This blog post is not about what you think it is about; and yet it is precisely what you think it is about.
Let me explain.
A few days ago, I was reading an article, which was originally published on October 3rd, 2014, entitled "The White Problem". The author is Quinn Norton, who is a white journalist that covers hackers, bodies, technologies and the Internet.
Firstly, her post and her part 2, "How White People Got Made", should be required reading for all Americans.
Secondly, it raised several important points that most students of the humanities, and the history of peoples' interactions over the centuries, would appreciate and easily identify as artificial constructs erected in an effort to oppress and maintain privilege, which was and is the dominant driving force. For more context, read one of my all-time favorite books - "Pedagogy of the Oppressed". Tucked away in Quinn's paragraph was a sentence, which seemed to be nonchalantly included and inconspicuously placed, that caught my eye and that perfectly represents the state of the computing industry today:
"Whites spent hundreds of years excluding others from resources, often by violence, and claiming ownership over wealth created by those same non-whites."
At the highest conceptual level, replace Whites with Tech Company Owners and you get a glimpse of what I saw.
The last wave of uber-successful technology companies have two things in common:
A consequence of the second point is that content generators make pennies on their content; while content distributors and everyone else higher in the supply chain make orders of magnitudes more money.
Their user base do not see any compensation from the use of their data. To selectively quote Quinn, "Whites spent ..... years excluding others from resources, often by violence, and claiming ownership over wealth created by those same non-whites."
The violence component enters the picture when you think of the strategies that these companies employ to either attain or maintain their positions of dominance. This includes wage suppression of their employee pool, corporate espionage of their competitors, subverting the market protections and creating barriers to entry and growth through legislative and other means, etc.
If the current American premise, only supported by the Citizens United ruling, is to be believed that corporations are people too, then all of the acts mentioned above would constitute violent, aggressive acts against real and corporate beings.
If you don't believe that corporations are people, then the above behavior is simply immoral, callous and selfish on the part of the titans of corporate America and a direct jab at everyone else in society. Proponents may mention that this is all just good business and it is simply how the free market works.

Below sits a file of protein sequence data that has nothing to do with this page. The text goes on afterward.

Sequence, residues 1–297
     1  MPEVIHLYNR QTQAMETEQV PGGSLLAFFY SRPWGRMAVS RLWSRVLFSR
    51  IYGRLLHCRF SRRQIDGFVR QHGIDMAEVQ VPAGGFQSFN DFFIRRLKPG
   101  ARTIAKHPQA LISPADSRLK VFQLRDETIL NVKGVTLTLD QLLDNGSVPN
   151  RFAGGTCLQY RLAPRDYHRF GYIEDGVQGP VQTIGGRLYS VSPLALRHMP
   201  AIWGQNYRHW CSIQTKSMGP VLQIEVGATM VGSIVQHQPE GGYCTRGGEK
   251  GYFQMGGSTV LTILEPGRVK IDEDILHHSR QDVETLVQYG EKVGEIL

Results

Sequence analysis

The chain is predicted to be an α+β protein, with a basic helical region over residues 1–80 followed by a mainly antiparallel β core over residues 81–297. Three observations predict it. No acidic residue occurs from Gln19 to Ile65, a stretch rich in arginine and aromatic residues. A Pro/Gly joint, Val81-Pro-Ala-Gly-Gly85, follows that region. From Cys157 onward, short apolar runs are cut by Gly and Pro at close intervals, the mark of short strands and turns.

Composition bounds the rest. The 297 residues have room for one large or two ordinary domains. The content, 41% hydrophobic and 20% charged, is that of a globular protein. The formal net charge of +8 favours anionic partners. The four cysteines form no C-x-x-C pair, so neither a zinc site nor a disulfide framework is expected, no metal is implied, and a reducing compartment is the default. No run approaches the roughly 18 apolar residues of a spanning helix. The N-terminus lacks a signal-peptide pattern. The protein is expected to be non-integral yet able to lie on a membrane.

The Free Market is a product of everyone in it. It is dynamic. It is not something that is external and uncontrollable (or rather un-influence-able). We all help define, create and evolve the free market and the rules that acceptable or not. Thus, behavior in the sole interest of maximizing profit for your shareholders (and ignoring the potential severely negative consequences of one's actions) is not an unchangeable law of nature. It is yet another tool used by "whites" to wrestle control of resources from everyone else.
All of this is further complicated when you examine the makeup of the company owner base and the user base. The company owner base has a high percentage of white men. The user base has a high percentage of minorities. The employee mix of these companies is predominantly white and Asian males - an issue that has been written about enough elsewhere [See Silicon Valley's Diversity Problem and How Diverse is Silicon Valley].
I leave the rest for you to ponder.
"It was the best of times, it was the worst of times, it was the age of wisdom, it was the age of foolishness, it was the epoch of belief, it was the epoch of incredulity, it was the season of Light, it was the season of Darkness, it was the spring of hope, it was the winter of despair, we had everything before us, we had nothing before us, we were all going direct to Heaven, we were all going direct the other way - in short, the period was so far like the present period, that some of its noisiest authorities insisted on its being received, for good or for evil, in the superlative degree of comparison only."
- A Tale of Two Cities (1859), Charles Dickens.